After paying the clerk, I asked for the night manager, gave him $5, and asked him to see that the guy got something solid to eat from the deli...and if he refused it, to just put the money in the breast-cancer jar.

    Guess we'll be running into more and more visible signs of needy people.  Better be prepared with how we're going to handle it...I wasn't prepared this time...just winging it and unwilling to simply walk away.  Still...it feels pretty unsatisfactory...  

    It's not about today, it's about tomorrow. (5.00 / 1) (#44)
    by Fabian on Sun Oct 12, 2008 at 06:18:43 AM EST
    And all the tomorrows after....

    That's what I wish politicians would get into their heads when thinking about policy.  Getting the hungry fed for one night is a good thing.  Making sure there are jobs so people can buy their own food is better.

    Fix the big problems, drain the swamp, and so on.  Don't enable the processes that created our big problems in the first place.


    Not to worry (none / 0) (#1)
    by BrassTacks on Sat Oct 11, 2008 at 11:41:36 PM EST
    Obama will bail out the auto industry and all the retirement plans PLUS create LOTs of government jobs.  

    Many may have to wait a bit to retire, but Obama will expand all the government programs and make things ok.  

    In my own family, I am telling my kids that they can live with us, and count on government jobs.  We were hoping to retire within the next few months but we've lost way too much retirement money to do that.  But that's ok, we can work until 75 or longer.  More important that Obama expand government so that our kids will have good jobs.  

    Well (5.00 / 0) (#6)
    by Steve M on Sun Oct 12, 2008 at 12:22:23 AM EST
    You could always try to get a different candidate elected, since you seem to disagree with Obama on about everything.

    Me? (none / 0) (#30)
    by BrassTacks on Sun Oct 12, 2008 at 01:42:29 AM EST
    What am I disagreeing with?  I want Obama to bailout everyone and create lots of government jobs.  I know McCain won't expand the government like Obama will.  I sure don't think it's his fault that the market went south.  

    Oh please (5.00 / 0) (#35)
    by Steve M on Sun Oct 12, 2008 at 01:48:56 AM EST
    Just don't pass a law forcing me to buy GM (none / 0) (#2)
    by jerry on Sun Oct 12, 2008 at 12:04:43 AM EST
    We're spending $25B on the auto industry, which is what, about $1000 per person?  Please please please don't make me buy GM!

    Who just said they were opening (none / 0) (#3)
    by nycstray on Sun Oct 12, 2008 at 12:13:37 AM EST
    a new plant in Detroit about a week or 2 ago? It's for making parts for a green car or something like that?

    A Plant (1.00 / 1) (#16)
    by cal1942 on Sun Oct 12, 2008 at 12:41:19 AM EST
    One lousy plant.

    Completely clueless.

    Lansing, my home town had over, 20,000 GM employees in 5 plants and a massive parts warehouse a couple of decades ago. There were numerous independent parts makers, tool & die companies and forges. In a town and area with a population, at the time, of about 250,000.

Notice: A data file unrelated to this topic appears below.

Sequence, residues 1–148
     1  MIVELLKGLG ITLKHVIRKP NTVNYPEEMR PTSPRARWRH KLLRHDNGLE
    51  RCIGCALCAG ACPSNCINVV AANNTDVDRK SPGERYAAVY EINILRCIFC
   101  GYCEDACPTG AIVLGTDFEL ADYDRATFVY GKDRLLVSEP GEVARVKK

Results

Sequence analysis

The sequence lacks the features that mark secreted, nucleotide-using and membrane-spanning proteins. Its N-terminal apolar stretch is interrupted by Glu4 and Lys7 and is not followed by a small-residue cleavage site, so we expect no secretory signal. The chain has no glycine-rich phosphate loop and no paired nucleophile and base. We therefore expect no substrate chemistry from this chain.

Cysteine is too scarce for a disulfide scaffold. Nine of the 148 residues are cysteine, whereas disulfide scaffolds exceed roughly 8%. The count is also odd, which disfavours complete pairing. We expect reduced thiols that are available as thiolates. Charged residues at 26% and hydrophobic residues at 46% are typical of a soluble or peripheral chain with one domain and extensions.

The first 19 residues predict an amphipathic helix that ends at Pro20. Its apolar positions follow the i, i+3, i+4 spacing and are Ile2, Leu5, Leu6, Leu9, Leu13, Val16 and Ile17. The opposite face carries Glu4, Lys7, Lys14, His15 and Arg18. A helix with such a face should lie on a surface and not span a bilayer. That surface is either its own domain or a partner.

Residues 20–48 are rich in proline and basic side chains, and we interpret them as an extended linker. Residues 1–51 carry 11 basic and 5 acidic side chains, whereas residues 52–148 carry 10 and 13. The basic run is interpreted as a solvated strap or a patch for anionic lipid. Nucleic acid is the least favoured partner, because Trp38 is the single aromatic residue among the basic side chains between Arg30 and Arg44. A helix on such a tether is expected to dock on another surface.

Now there are about 6 to 8,000 GM employees, a tool & die maker, a forge plant and a tiny handful of parts makers.

    Detroit (which was once nearly 2 million people) now has a population of just under a million.  The Number of GM, Ford and Chrysler workers and dozens of peripheral industries was staggering, an industrial collosus. And that's leaving out many plants in Pontiac, Flint, Saginaw, Jackson, Kalamazoo, etc.

    One lousy plant will not do.

    And jerry, don't worry, no one's going to force you to buy manufactured goods produced by your fellow citizens.


    Excuse me (5.00 / 1) (#19)
    by nycstray on Sun Oct 12, 2008 at 12:51:17 AM EST
    Calling me clueless because I asked a question?

    I don't think one plant is the answer, I just was trying to figure out the announcement a couple weeks ago and the news now.


    It's gonna be the Depression (none / 0) (#43)
    by Fabian on Sun Oct 12, 2008 at 06:09:37 AM EST
    all over again, only this time states will be fighting tooth and nail to get that One Lousy Factory.

    Michigan has had the most dramatic industry losses, but the same story has played out in most other manufacturing towns.  I'm counting my blessings that I live in a state with a significant agriculture economy.  


    Ah, that's an old Chevrolet ad (none / 0) (#13)
    by Cream City on Sun Oct 12, 2008 at 12:32:52 AM EST
    and the one embedded in my head is "See the U.S.A./In your Chevrolet" -- and I can see Dinah Shore singing it.  The car is an icon of American culture; listen to the incomparable American Pie that tells the entire history of rock 'n' roll in rhyme -- and rhymed "Chevy" with "levee.":-)

    Me, I was raised to think of Chevies as upscale.  We had Fords.


    Chevy and Ford (none / 0) (#18)
    by cal1942 on Sun Oct 12, 2008 at 12:51:05 AM EST
    competed at the same price point.

    If you lived in a GM town (not in Detroit where all car makers were located) you would have bought a Chevy or other GM make produced in your town.

    I'm from Lansing, former home of the late great Oldsmobile. At a time you would see more Oldsmobiles than any other make in any parking lot you drove into.  The city police even used Oldsmobiles.


    Really, the same price point? My daddy (none / 0) (#23)
    by Cream City on Sun Oct 12, 2008 at 01:12:21 AM EST
    must have just told us that.  He really was loyal to Fords, ever since his first beloved rattletrap in the '20s that he talked about for endless hours.

    It also may have been part of the religious wars in the Midwest, which Garrison Keillor talks about, too -- being able to tell which faith drove which cars, because they patronized dealers from their different churches.  Chevies did seem sort of Lutheran to me.  Chryslers were Episcopalian.:-)


    Now that's one (none / 0) (#29)
    by cal1942 on Sun Oct 12, 2008 at 01:41:50 AM EST
    I've never heard.

    Interesting in part because job applications (most places not just auto plants) contained a question about religion. I remember filling out applications that asked what church I attended.

    Hated that.

    I never heard the one about religion and auto make.

    Brand loyalty where I'm from was based on what was procuced in your community and with good reason.  It was an era that looked after communities and the local automaker employed people in your commmunity. Your neighbors, relatives, friends livelihood were dependent on that automaker and supporting industries.